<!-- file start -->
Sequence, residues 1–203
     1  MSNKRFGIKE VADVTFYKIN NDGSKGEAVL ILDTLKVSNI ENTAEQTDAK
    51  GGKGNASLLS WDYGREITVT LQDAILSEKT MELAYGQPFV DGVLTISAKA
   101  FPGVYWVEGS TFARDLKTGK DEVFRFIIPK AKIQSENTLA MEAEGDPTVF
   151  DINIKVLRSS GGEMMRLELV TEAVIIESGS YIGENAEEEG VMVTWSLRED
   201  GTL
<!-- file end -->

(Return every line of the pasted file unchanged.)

Sequence, residues 1–203
     1  MSNKRFGIKE VADVTFYKIN NDGSKGEAVL ILDTLKVSNI ENTAEQTDAK
    51  GGKGNASLLS WDYGREITVT LQDAILSEKT MELAYGQPFV DGVLTISAKA
   101  FPGVYWVEGS TFARDLKTGK DEVFRFIIPK AKIQSENTLA MEAEGDPTVF
   151  DINIKVLRSS GGEMMRLELV TEAVIIESGS YIGENAEEEG VMVTWSLRED
   201  GTL